High-Performance Windows Used in Historic, Hurricane-Resistant, Green-Designed LibrarySeptember 15th, 2010 | Category: Industry News
Located within a mile of the Atlantic Ocean, New York’s Westhampton Free Library has resided on Library Avenue for more than 100 years. Opened in June 2010, the new library, which combines historic aesthetics and hurricane performance, sits on the site of two previous buildings that were demolished in September 2008. These disconnected, aging structures could no longer support the requirements of a modern library.
Public meetings were held to ensure that the new facility met the community’s needs now and in the future. Sandpebble Builders Inc.’s Dan Kowalski, LEED-AP, explains, “Known as ‘dynamic design charrettes,’ these meetings included library board members, users and staff, plus politicians, community leaders and other stakeholders. They were asked what they liked about the old building, and what they wanted to see in a new building.” Kowalski says participants wanted to stay on Library Avenue, that they liked the look of the old building and that reading spaces with natural light and fresh air were important.
Ward Associates P.C. designed a classic colonial revival building that would offer both function and performance. The new 14,250-square-foot structure replicates the original, one-story, wood-framed library, while providing twice the square footage.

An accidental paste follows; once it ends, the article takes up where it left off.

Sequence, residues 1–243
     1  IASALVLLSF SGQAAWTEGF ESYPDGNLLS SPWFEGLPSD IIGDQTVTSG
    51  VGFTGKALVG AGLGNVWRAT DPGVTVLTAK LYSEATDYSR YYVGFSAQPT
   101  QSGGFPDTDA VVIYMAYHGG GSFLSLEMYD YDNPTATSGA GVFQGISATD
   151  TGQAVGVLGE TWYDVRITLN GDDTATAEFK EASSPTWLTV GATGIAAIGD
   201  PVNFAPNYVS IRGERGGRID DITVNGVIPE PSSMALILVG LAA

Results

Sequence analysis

Ward Associates P.C. selected Kolbe’s Ultra Series extruded aluminum clad windows with K-Force® Impact performance. The windows feature laminated insulating units with LoE²-270 glass and are also hurricane-rated.
On the library’s interior, ensuring the windows maximized daylighting was also important. The architect chose 8-foot-high, oversized windows mimicking traditional, cottage-style, double-hung windows to overlook the 1,800-square-foot reading garden on the south side of the library.
The garden area’s south-facing windows were crafted by factory-mulling together a 72-inch fixed casement with a 24-inch operable awning transom with steel reinforcements. A number of 8- x 8-foot openings on the front of the building required the windows to be mulled on site.
The windows were crafted in rectangular and half-circle casements, awnings and elliptical radius window units. Performance divided lites with 7/8-inch ovolo muntin bars were specified to simulate the historic style of true divided lites. Special muntin bar patterns also were created for the radius, “eyebrow” windows, some of which are up to 10-feet-wide.
Ward’s associate, Pansy Cheng, RA, LEED-AP, adds, “The high energy performance of the windows helps the new library to reduce energy costs by 35 percent below the ASHRAE 90.1 baseline building model.”
The project is seeking LEED gold-level certification.